schindler_house_mainIn 1920 Austrian-born Rudolph M. Schindler was summoned from Chicago to Los Angeles by Frank Lloyd Wright. Wright needed Schindler’s help on various California commissions, including the Hollyhock House in Los Feliz. After completing Hollyhock Schindler began several projects of his own, including the house on Kings Road which would become his home until his death in 1953.

Full aerial isometric drawing

The Schindler House has functioned as the MAK Center for Art and Architecture since 1994. As the MAK Center is open to the public we were excited to take a look around the home of one of our favourite architects and explore one of LA’s most famous modernist homes.


Immediately one discerns that this is no ordinary home, in fact it is rather exceptional in several ways. Firstly, the layout is of two adjoining ‘L’s conceived to accommodate two artist couples and thus an early experiment in communal living. Each of the four artists were allocated their own studio, and each couple shared an outdoor ‘sleeping basket’ on the roof. Kitchen and bathroom facilities were shared but the design also incorporated a guest studio with its own separate kitchen and bathroom. Secondly, Schindler was keen to experiment with the ‘tilt-up’ concrete wall method and therefore the house’s construction is also fairly unique. In the tilt-up method concrete is first poured for both foundation and final floor surface (cold underfoot in winter but no doubt a blessing during the hot summers in Los Angeles). Separate sections are then poured horizontally abutting the slab and once set lifted-up to near vertical to form walls (by all accounts this was a more difficult process than anticipated). Between each wall section a gap of 3” was left and variously filled with either more concrete, or glass panels to form narrow windows. These slit like windows lend the house a rather impenetrable fortress-like appearance from the street, but stepping inside, Schindler took inspiration from traditional Japanese homes and the walls facing the private rear garden are instead comprised of delicately glazed panels. Unusually for a building of this period the window frames are of wood construction not steel.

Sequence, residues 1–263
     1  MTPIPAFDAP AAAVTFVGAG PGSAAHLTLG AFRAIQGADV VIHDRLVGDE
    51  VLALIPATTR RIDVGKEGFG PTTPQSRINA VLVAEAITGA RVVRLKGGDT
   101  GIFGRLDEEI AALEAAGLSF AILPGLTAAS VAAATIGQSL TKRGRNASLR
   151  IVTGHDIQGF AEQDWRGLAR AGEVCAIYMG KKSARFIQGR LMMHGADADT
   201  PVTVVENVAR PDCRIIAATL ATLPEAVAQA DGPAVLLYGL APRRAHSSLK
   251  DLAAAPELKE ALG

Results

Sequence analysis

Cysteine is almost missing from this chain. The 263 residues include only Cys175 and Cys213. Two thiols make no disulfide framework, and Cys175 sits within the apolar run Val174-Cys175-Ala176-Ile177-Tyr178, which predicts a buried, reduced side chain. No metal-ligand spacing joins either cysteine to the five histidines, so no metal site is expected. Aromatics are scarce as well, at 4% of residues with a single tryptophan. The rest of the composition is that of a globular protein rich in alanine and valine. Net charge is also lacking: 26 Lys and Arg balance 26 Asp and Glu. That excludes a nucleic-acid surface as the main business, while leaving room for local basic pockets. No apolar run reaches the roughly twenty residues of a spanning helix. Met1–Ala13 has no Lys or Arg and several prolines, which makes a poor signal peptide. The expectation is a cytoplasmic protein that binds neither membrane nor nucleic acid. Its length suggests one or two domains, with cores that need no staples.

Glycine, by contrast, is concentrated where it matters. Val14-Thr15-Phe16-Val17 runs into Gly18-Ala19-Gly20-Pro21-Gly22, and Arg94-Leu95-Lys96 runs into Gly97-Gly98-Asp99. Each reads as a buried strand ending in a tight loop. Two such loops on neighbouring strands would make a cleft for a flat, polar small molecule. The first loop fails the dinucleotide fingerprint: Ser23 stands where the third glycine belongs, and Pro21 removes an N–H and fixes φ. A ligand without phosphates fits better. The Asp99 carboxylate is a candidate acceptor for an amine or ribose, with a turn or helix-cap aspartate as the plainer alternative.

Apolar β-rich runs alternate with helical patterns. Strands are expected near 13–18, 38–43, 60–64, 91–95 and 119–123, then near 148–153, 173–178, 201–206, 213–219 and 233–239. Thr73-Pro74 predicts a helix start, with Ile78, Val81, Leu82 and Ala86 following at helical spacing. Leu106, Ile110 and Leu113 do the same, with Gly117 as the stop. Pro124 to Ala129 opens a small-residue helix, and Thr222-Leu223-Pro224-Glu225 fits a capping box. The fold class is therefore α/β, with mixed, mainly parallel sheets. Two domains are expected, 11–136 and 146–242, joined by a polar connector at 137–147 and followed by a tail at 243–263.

Schindler’s personal relationships were no less unorthodox and after his friend (and project builder) Clyde Chace departed in 1924 the Chaces’ wing was occupied by a series of notables, including Schindler’s friend and rival Richard Neutra, who lived here from 1925 to 1930. During a long separation Schindler’s wife Pauline left the house but returned in the late 1930s to occupy the former Chace wing. From that date onwards husband and wife lived adjacent but separate lives until each passed away, Rudolph in 1953 and Pauline in 1977.


Pauline bequeathed the house to FOSH (Friends of the Schindler House) who began work on restoring the house in the mid-1980s. Interestingly, at this time some parties advocated for the removal of the house to the desert. This was because in the years since its construction several four storey apartment buildings had crowded around the house and thus the original low-rise context had been lost. Happily, the house remained where it was, but further controversy arose when some of the small changes Schindler had made over the years were removed. Since 1994 the house has been operated under an agreement between FOSH and the MAK (the Austrian Museum of Applied Arts) whereby FOSH retain ownership while programming is the responsibility of the MAK. The MAK also operate two other Schindler houses in Los Angeles: the Mackay Apartments and the Fitzpatrick-Leland House.

As an arts centre the building sees very heavy usage (there were dance events taking place when we visited) and although it is excellent to see a historic building full of life and activity, we would argue it is being forced to work a little too hard for its supper. The general appearance is one of a building in need of major repair, with large cracks in the slab, rotting or damaged window frames and evidence of damp penetration throughout. Hopefully the future will see a more forgiving balance between historic preservation, artistic expression and income generation.

© Modernist Tourists 2016